American journal of pharmaceutical education 05/2015; 79(4):56. DOI:10.5688/ajpe79456
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    American journal of pharmaceutical education 05/2015; 79(4):46. DOI:10.5688/ajpe79446
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    American journal of pharmaceutical education 05/2015; 79(4):S2. DOI:10.5688/ajpe794S2
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    ABSTRACT: Objective: To evaluate pharmacy student perceptions of team-based learning (TBL) vs traditional lecture-based learning formats. Methods: First professional year pharmacy students (N=111) at two universities used TBL in different courses during different semesters (fall vs spring). Students completed a 22-item team perceptions instrument before and after the fall semester. A 14-item teaching style preference instrument was completed at the end of the spring semester. Data were analyzed using Wilcoxon signed rank test and Mann-Whitney U test. Results: Students who experienced TBL in the fall and went back to traditional format in the spring reported improved perceptions of teams and preferred TBL format over a traditional format more than students who experienced a traditional format followed by TBL. Students at both universities agreed that the TBL format assists with critical-thinking, problem-solving, and examination preparation. Students also agreed that teams should consist of individuals with different personalities and learning styles. Conclusion: When building teams, faculty members should consider ways to diversify teams by considering different views, perspectives, and strengths. Offering TBL early in the curriculum prior to traditional lecture-based formats is better received by students, as evidenced by anecdotal reports from students possibly because it allows students time to realize the benefits and assist them in building teamwork-related skills.
    American journal of pharmaceutical education 05/2015; 79(4):51. DOI:10.5688/ajpe79451
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    ABSTRACT: Objective: To describe the development, implementation, and evaluation of the multiple mini-interview (MMI) within a doctor of pharmacy (PharmD) admissions model. Methods: Demographic data and academic indicators were collected for all candidates who participated in Candidates' Day (n=253), along with the score for each MMI station criteria (7 stations). A survey was administered to all candidates who completed the MMI, and another survey was administered to all interviewers to examine perceptions of the MMI. Results: Analyses suggest that MMI stations assessed different attributes as designed, with Cronbach alpha for each station ranging from 0.90 to 0.95. All correlations between MMI station scores and academic indicators were negligible. No significant differences in average station scores were found based on age, gender, or race. Conclusion: This study provides additional support for the use of the MMI as an admissions tool in pharmacy education.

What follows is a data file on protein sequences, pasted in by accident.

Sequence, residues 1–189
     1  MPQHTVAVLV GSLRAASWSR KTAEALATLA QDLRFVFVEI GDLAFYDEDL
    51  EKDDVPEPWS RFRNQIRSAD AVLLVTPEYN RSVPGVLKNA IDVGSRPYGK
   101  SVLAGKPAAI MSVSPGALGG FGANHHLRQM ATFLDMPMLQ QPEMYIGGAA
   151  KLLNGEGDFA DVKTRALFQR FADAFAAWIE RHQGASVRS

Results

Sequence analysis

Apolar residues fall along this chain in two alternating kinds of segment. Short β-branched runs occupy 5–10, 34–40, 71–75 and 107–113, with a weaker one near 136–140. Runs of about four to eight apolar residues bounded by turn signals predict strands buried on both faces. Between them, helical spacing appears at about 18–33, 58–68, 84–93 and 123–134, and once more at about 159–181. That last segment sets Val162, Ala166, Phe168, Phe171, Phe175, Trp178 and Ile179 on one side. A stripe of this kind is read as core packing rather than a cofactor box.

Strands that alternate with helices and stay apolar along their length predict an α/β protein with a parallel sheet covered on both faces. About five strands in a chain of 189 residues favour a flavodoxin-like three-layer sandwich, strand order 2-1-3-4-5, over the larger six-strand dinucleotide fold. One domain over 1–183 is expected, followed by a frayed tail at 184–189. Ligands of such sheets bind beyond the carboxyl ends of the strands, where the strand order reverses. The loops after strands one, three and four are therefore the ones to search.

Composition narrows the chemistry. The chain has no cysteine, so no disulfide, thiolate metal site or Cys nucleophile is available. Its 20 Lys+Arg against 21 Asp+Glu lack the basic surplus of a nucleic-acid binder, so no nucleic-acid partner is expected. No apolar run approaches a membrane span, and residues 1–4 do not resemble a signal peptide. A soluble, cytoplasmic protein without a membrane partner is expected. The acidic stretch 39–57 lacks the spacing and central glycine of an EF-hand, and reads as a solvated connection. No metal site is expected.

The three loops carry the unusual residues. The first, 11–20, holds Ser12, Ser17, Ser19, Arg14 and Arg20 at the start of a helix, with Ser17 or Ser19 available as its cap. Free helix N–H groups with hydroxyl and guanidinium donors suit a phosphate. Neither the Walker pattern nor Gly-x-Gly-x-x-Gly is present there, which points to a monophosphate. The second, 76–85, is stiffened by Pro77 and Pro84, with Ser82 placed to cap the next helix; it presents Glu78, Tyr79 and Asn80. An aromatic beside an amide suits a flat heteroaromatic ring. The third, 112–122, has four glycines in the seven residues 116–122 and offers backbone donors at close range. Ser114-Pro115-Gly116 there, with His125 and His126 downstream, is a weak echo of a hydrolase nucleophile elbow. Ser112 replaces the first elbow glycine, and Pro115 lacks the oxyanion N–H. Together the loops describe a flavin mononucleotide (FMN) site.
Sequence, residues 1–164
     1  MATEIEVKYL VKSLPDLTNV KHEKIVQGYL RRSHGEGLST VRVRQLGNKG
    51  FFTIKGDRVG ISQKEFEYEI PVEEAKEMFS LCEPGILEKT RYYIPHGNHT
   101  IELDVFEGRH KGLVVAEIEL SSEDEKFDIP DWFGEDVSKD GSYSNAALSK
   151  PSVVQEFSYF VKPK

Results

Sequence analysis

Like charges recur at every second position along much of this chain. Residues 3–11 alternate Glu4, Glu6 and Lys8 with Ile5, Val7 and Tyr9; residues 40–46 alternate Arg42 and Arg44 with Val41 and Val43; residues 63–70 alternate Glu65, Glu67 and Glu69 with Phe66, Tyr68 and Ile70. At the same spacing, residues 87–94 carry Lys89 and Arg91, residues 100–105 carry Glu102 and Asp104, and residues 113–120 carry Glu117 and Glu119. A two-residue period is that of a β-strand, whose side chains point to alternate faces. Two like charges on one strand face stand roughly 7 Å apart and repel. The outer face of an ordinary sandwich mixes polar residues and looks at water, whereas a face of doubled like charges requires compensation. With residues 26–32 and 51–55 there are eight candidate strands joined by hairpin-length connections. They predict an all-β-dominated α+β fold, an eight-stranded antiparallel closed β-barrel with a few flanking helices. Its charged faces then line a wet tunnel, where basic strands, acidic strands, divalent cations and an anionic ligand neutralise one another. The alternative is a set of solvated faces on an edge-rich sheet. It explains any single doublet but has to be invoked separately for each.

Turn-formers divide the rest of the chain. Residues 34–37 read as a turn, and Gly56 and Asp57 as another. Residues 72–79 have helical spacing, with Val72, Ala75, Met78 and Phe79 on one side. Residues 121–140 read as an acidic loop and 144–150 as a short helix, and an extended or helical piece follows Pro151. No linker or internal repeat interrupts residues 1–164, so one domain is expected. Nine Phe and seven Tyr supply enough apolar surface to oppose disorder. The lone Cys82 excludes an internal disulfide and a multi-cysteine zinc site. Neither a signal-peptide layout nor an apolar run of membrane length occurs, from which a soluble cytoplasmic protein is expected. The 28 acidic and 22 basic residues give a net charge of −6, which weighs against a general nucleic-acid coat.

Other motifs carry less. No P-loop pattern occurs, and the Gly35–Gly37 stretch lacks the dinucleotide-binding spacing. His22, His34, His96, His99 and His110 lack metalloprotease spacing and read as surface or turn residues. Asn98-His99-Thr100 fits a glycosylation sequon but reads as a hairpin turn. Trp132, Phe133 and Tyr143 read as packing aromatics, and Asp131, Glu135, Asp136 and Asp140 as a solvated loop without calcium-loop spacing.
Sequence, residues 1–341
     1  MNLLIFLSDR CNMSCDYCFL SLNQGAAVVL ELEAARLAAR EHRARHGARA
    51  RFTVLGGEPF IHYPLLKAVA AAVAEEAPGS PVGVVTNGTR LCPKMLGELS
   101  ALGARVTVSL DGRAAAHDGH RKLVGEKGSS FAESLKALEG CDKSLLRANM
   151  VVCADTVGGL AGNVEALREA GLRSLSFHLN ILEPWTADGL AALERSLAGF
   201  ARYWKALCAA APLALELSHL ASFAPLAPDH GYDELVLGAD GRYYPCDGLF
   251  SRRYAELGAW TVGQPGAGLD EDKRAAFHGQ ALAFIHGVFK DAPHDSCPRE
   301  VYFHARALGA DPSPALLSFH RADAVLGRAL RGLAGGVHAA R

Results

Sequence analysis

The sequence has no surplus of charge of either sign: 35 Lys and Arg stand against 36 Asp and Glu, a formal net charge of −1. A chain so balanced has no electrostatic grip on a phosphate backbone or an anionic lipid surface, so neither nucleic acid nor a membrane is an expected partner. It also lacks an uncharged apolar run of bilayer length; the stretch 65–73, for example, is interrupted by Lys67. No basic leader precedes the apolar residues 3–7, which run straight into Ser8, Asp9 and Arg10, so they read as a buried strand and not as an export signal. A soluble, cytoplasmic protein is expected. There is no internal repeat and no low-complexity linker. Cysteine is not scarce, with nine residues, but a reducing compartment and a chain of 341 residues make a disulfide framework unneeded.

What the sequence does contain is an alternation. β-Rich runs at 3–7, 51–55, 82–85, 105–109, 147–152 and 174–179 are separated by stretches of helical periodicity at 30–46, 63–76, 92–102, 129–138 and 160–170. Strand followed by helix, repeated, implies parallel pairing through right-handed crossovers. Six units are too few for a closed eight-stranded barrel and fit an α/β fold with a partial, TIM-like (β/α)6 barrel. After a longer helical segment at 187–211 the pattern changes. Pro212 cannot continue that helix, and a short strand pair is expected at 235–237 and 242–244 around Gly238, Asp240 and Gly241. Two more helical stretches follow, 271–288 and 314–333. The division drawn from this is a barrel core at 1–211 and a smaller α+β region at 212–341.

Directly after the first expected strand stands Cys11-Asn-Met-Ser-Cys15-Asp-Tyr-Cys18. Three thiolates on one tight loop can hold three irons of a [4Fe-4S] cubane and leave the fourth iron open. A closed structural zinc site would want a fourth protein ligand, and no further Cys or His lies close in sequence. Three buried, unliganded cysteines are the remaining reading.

American journal of pharmaceutical education 05/2015; 79(4):53. DOI:10.5688/ajpe79453
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    ABSTRACT: Objective: To examine pharmacy students' attitudes toward debt. Methods: Two hundred thirteen pharmacy students at the University of Minnesota were surveyed using items designed to assess attitudes toward debt. Factor analysis was performed to identify common themes. Subgroup analysis was performed to examine whether students' debt-tolerant attitudes varied according to their demographic characteristics, past loan experience, monthly income, and workload. Results: Principal component extraction with varimax rotation identified 3 factor themes accounting for 49.0% of the total variance: tolerant attitudes toward debt (23.5%); contemplation and knowledge about loans (14.3%); and fear of debt (11.2%). Tolerant attitudes toward debt were higher if students were white or if they had had past loan experience. Conclusion: These 3 themes in students' attitudes toward debt were consistent with those identified in previous research. Pharmacy schools should consider providing a structured financial education to improve student management of debt.
    American journal of pharmaceutical education 05/2015; 79(4):52. DOI:10.5688/ajpe79452

  • American journal of pharmaceutical education 05/2015; 79(3).